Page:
The Law Society is working to represent the views of members on the UK exiting the EU and influence both the UK government and EU institutions.
We continue to support members by providing guidance on preparatory steps they can take to prepare their firms.
The government has published a series of notices on how to prepare for a no-deal Brexit.
We have published guidance on the potential effects on our members in the event of a no-deal Brexit in the following areas:
We have also prepared an extensive overview of the national regulations that apply in each jurisdiction in the EU/EFTA. This can be requested by emailing firstname.lastname@example.org.
The Law Society forms part of the UK Delegation to the Council of Bars and Law Societies of Europe (CCBE), which recently published extensive guidance on the effect of all Brexit scenarios on practice rights both for EU lawyers working in the UK and for UK lawyers working in the EU.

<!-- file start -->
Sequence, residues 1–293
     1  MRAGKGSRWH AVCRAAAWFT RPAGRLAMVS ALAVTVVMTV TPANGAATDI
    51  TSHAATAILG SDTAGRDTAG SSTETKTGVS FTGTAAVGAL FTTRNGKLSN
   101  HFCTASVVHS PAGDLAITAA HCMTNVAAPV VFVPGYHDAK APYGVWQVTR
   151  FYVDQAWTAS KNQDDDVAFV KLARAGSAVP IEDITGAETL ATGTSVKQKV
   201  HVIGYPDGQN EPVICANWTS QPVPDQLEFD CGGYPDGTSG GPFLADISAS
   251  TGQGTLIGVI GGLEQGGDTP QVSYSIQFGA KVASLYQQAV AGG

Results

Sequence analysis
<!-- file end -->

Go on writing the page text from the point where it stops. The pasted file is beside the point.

MPs and Peers returned from summer recess for two weeks, before breaking up for the Party Conference season.
Almost £3bn could be stripped from legal sector turnover by 2025 if the UK crashes out of the EU without a deal according to new Law Society forecasts.
The government published its white paper setting out what they are seeking to achieve in negotiating the UK's exit from, and new partnership with, the EU.
Theresa May's white paper on Brexit was today given a cautious welcome by the Law Society of England and Wales.
The Law Society's Head of International Mickaël Laurans spoke at a roundtable briefing on mutual recognition of professional qualifications.
A new flagship court will boost England and Wales' position as a jurisdiction for international commercial legal services and dispute resolution.
The Law Society has worked with other professional and business services providers to highlight the important contribution we make to UK and EU economy.
This podcast discusses the future of international financial disputes post-Brexit.
A newly released document outlining proposals for a new deal with the EU in the wake of Brexit was today given a partial welcome by the Law Society of England and Wales.
This paper outlines the Law Society's views on the building blocks needed to construct a fair, transparent and accessible mechanism for the resolution of disputes between the UK and the EU after the UK leaves the EU.
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